This Kenya Wildlife Safari inspired creators of Disney’s the Lion King and you can see the real Pride Rock. And it’s not reserved for celebrities, anyone can travel there. There’s a video at the end so if you’re a fan of moving pictures, hop straight down there to enjoy! Cheers – Abi
Hakuna Matata. It’s a wonderful phrase.
One I first heard, as many did, over twenty years ago through the songs and sounds of The Lion King.
In the same way that I adopted E.T, so my younger brothers adopted Simba, the lead character in the Disney film, namely a lion who comes of age and protects his homeland just in case you’re one of the few who missed the story.
Between Lion King books and Lion King duvet covers and Lion King flasks and lunchboxes and pencil cases and pens and pencils and plenty of paraphernalia, it turns out that I was paying more attention to the graphics of the film than I had thought.
Recommended reading: Top Things to do in Madagascar for Wildlife and UNESCO Heritage
Fast forward to April 2015 when tyres rolled over red earth in Africa and the sun began to slide across the sky, ready to bathe the Ewaso Nyiro river valley in hues of golden red.
For most of this wildlife safari in Kenya, the wildlife had grabbed my attention like a great big attention grabbing thing on a stick.
The area is known for the ‘Samburu Special Five’: the Beisa oryx, reticulated giraffe, Grevy’s zebra, Gerenuk antelope and Somali ostrich.
Before I’d even unpacked (read: open suitcase and throw things around til I find what I need) I heard the trumpet of elephants through the thick hot air.
There, right there, from the stillness of my room, I saw their dust-greyed hides galloping along the furthest banks of the river.
Cliche or not, dear reader, shivers really did run down my spine.
And while we’re on the subject of writerly pretensions, calling the rooms “rooms” in Sasaab is about as accurate as referring to Nelson Mandela as “just some guy.”
Sasaab Lodge has only nine such “rooms” all perched on a rocky ridge in north-central Kenya. Each has a private plunge pool, thatched roofs, sprawling sofas, beaded coathangers and a shower that looks like a ghost that’s waiting to give you a hug.
I’m no stranger to wonderful places to stay but Sasaab and its wildlife safaris in Kenya may just have nudged their way into the top spot in my heart.
It’s not just the beauty of their setting (the central building takes inspiration from both Morocco and India with mudejar archways and plenty of space to maximise the breeze in this hot and arid peak.)
It’s not just their attention to detail (on safari, you’ll find snacks, water, sunscreen, binoculars and wildlife spotting books provided for along with blankets.)
It’s not just their approach to ethical tourism and respectful interaction with the local Samburu tribe (about whom, a whole other article later.)
As the safari truck bumped and swerved beneath thorn strewn trees and the fading sun, one rock overhead seemed overwhelmingly…familiar.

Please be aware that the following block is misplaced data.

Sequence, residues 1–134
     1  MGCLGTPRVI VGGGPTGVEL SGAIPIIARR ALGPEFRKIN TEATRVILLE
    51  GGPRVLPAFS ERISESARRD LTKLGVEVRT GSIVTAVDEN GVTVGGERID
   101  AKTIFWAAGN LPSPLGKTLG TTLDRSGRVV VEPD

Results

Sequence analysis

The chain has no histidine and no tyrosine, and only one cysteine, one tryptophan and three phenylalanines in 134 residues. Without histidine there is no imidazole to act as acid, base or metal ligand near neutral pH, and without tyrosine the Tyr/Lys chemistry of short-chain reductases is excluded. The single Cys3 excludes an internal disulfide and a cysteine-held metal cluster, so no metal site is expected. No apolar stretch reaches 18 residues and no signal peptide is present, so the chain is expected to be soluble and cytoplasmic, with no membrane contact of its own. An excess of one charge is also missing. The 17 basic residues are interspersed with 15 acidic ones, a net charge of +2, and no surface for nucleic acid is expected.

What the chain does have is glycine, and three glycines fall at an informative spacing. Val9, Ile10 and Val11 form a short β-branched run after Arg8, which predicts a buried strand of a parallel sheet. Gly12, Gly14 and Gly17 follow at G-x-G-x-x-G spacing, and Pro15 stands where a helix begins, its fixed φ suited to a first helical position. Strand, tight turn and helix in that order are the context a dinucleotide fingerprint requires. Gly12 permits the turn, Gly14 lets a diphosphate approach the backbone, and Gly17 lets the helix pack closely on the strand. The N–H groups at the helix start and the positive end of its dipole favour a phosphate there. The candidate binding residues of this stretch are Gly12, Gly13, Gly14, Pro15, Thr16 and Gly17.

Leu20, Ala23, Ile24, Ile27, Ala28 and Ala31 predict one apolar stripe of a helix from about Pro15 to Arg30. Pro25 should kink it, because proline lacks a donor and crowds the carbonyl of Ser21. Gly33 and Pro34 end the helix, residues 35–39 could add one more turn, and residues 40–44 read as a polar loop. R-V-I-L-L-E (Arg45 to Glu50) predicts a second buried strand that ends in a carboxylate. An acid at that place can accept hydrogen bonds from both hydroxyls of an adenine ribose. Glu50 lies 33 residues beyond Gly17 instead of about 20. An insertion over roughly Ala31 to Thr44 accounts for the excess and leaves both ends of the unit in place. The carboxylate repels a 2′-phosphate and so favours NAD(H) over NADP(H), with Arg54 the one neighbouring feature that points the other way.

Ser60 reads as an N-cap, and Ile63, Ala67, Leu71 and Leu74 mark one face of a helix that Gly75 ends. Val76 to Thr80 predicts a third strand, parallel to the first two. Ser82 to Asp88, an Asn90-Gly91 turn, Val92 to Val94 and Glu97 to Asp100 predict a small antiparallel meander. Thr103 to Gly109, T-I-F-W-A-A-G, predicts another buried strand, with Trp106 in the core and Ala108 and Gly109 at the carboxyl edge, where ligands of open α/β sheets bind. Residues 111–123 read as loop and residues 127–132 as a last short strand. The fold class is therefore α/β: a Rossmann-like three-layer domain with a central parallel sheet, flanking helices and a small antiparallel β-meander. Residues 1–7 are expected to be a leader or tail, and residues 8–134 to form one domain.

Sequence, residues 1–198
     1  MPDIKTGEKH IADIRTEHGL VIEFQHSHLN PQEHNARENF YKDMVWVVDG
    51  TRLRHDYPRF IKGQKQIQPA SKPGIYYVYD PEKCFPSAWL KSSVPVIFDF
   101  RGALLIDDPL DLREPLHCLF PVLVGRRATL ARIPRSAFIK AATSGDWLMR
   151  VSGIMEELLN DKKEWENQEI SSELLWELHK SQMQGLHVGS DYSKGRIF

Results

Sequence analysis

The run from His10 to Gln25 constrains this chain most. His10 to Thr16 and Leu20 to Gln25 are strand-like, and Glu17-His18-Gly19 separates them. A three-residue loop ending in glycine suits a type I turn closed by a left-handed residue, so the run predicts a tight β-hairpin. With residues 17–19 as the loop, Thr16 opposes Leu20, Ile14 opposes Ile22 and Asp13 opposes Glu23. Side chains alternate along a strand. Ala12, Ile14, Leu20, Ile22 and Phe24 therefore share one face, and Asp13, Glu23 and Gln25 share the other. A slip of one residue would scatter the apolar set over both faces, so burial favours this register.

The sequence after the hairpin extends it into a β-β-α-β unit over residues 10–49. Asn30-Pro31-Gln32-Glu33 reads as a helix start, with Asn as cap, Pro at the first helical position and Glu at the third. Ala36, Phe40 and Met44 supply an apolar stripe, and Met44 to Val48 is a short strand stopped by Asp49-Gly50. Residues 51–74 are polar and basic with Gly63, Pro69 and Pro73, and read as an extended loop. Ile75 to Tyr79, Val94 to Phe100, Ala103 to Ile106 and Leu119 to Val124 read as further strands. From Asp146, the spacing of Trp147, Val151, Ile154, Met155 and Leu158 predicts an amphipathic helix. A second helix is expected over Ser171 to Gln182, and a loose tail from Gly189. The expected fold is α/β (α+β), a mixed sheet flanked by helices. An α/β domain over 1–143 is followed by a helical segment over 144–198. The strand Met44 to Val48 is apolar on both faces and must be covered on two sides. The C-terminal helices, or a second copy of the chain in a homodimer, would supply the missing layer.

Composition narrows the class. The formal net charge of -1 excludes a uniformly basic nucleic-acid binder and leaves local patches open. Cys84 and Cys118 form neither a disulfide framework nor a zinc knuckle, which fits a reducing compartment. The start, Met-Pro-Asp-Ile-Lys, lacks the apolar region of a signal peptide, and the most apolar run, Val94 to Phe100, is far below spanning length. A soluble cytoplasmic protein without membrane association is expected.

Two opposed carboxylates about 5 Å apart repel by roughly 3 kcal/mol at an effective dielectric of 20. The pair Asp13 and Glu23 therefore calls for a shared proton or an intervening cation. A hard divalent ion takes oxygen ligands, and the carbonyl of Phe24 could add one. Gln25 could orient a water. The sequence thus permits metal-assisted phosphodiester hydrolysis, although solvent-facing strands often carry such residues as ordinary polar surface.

“Yes,” I was told. “That’s the place that inspired the drawings of Pride Rock.”
PS – as a side note, sources also tell me that Sasaab inspired the creation of Pumba too. When the Disney team saw the warthogs here, tails ramrod straight in the air as they ran, one of Simba’s best friends came to life. So to speak.
Largely, absolutely, definitely yes. Kenya’s a big country and although it’s having some trouble in some places, that doesn’t mean there’s trouble everywhere.
It’s always a good idea to check out the government advice for your own country. We could quibble about whether or not it overreacts but it’s a good guideline and if you do need help, it’ll be your embassy you’ll be turning to.
You can find the British Travel Advice about Kenya here.
There are, obviously, many different ways. I travelled with The Safari Collection, who own Giraffe Manor and two other lodges and can create bespoke packages that take in each or only one of them. I would highly recommend them but I’ll be totally upfront here (as everywhere) – I travelled on a complimentary basis.
A hat, mosquito repellent and sturdy shoes. I’d also recommend long, lightweight shirts and trousers to help protect against bites and sunburn but as you can see from these pics, the fashionistas with me didn’t agree ;-) Take sunscreen too and even though it can be hot by day, the temperature drops quickly in the evening so take a soft fleece with you too.
*Over here. Hakuna Matata.
Disclosure: I was hosted by The Safari Collection on this trip but all childhood Lion King memories are mine all mine. As are the other things I wrote. There’s no point otherwise!
Hi, I'm Abi, a doctor turned writer who's worked with Lonely Planet, the BBC, UNESCO and more. Let's travel more and think more. Find out more.
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